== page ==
Many people believe an entrepreneur is someone who starts a business, but at their core entrepreneurs are simply problem solvers.

While studying to receive a degree in International Studies, Bryce Watson ’16 was invited to travel to China to aid a local non-profit. During his time there, Watson heard countless stories of the harsh working conditions that factory employees faced every day. Employees worked 80-hour weeks in dangerous environments for little pay, and many had been seriously injured on the job. By the end of his trip Watson had heard enough. He returned to Texas A&M University determined to find a way to improve workers’ rights in developing nations. “I wanted to do something about this,” Watson said. “I didn’t just want to learn about it, I wanted to solve the problem.”

Watson quickly realized he was attacking a complex issue. “We started to discover that these multi-national corporations have hundreds of sub-contractor manufacturing facilities that are only audited once or twice a year,” he said. “They have very little incentive to make sure their operating procedures are safe for their employees.”

Watson decided it would be much more effective to empower the local workforce rather than wrestle with giant corporations. “I wanted to attack this problem from the bottom-up rather than the top-down.”

Vize provides a two-fold solution. First, they connect top-rated factories with qualified individuals looking for jobs. In addition, Vize provides a platform for workers to anonymously rate and review factories without fear of repercussion. “Factories are in desperate need of employees due to the global labor crisis,” Watson said. “There’s an abundance of jobs but not enough workers to fill them all. Now workers have power over their lives.”

Watson explained that workers will leave jobs that treat them poorly, but often move from factory to factory until they find a fair employer. Vize helps to educate the local workforce on which factories to avoid with the hope that poorly-rated facilities will be forced to improve working conditions in order to recruit employees.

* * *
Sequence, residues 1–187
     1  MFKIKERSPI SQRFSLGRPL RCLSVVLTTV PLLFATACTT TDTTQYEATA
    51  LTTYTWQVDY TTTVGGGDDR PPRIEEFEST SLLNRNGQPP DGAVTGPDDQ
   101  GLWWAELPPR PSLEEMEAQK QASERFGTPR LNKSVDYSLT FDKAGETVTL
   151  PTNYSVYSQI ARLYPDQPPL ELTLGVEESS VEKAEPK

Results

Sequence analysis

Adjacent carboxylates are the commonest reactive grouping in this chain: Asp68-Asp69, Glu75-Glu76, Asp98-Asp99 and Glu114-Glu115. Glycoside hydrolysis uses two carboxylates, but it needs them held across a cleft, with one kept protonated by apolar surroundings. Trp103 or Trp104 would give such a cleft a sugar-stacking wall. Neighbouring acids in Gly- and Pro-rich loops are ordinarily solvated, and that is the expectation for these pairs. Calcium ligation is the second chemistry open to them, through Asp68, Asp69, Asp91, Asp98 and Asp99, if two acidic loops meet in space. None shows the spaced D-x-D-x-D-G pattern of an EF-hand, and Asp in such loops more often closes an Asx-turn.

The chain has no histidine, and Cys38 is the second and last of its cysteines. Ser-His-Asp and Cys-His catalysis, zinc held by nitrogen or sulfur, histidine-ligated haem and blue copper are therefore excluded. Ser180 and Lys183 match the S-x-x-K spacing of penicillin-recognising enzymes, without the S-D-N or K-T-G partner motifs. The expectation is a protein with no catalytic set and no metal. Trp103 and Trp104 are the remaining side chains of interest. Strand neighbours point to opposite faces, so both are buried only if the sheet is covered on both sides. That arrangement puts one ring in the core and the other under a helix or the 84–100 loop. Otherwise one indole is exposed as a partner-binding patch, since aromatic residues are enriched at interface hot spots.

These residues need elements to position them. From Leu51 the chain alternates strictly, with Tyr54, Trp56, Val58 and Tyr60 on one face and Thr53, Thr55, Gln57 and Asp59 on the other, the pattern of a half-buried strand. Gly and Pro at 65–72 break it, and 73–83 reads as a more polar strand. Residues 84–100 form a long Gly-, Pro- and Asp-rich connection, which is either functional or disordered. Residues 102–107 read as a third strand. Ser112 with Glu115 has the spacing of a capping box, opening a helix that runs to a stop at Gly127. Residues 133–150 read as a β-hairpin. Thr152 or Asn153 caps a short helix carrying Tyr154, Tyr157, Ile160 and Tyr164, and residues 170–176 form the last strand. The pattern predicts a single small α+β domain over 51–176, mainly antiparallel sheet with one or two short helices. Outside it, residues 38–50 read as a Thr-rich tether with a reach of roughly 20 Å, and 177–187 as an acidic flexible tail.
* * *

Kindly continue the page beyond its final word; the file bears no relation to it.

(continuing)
“Glassdoor has the most similar business model to Vize, but we’re in a completely different market,” Watson said. “No one is focusing on emerging markets.” When asked why this is Watson simply responded “because Startups come from Silicon Valley and these issues aren’t in Silicon Valley. If you aren’t aware that these problems exist you’re not trying to solve them.”

If you have an idea, go do it

Vize isn’t Watson’s first adventure in entrepreneurship. During his time at Texas A&M he co-founded both a non-profit and a student organization, and was always interested in solving big problems. Eventually these ventures fizzled-out but he learned from every failure. “If you have an idea, go do it. Like, right now! You’re almost certainly going to fail, but that’s OK. It’s worth at least trying, especially if you believe in it.”

Watson knew Vize could make a real impact and was determined to make his startup a success. He leveraged student resources such as Startup Aggieland and Blackstone Launchpad to connect with fellow student entrepreneurs and mentors. “Being an entrepreneur is hard. Build a team of people who make up for your weaknesses.”

Watson also began taking classes focused on entrepreneurship. That’s how he met Richard Lester, Executive Director of the McFerrin Center for Entrepreneurship. During his time as a graduate student, Watson enrolled in Lester’s “Foundations of Entrepreneurship” course and developed Vize’s business model as a part of the course’s final project.

“Bryce was always really creative,” Lester recalled. “He found a student organization on campus, a type of coding club, who would help develop his prototype.” When asked about Watson’s progress throughout the course Lester said that “he pivoted a lot.”  But that he was always focused on the workers he was helping. “He’s trying to do the right thing. [Vize] maintains the anonymity of workers so they can freely discuss issues that can be taken to the factories and hopefully be addressed. He wants to improve working conditions for people who are powerless.” Dr. Lester currently serves on the Vize Advisory Board.

Being an entrepreneur is hard work, especially when you’re a student, but Watson insists this shouldn’t deter one from going after an idea. “Use the resources you have while you’re in school,” said Watson. “Take classes to help your idea grow. Tailor your courses to work with professors whose expertise aligns with your project. There will never be another time in your life like this.” Many entrepreneurs hesitate to launch their venture because they don’t believe it’s the right time, but not Watson. “I realized I don’t have to wait until XYZ happens, I should start right now.”

Watson graduated with a Master’s of International Affairs in May of 2018 and serves as the CEO of Vize. Several of the other founding members of the company are current students. Vize just completed a successful crowd-sourcing campaign on IndieGoGo. They officially launched their mobile app in October; available for download in the Google Play store. They’ve already received positive feedback from communities in Mexico and have several factories who are major advocates for Vize.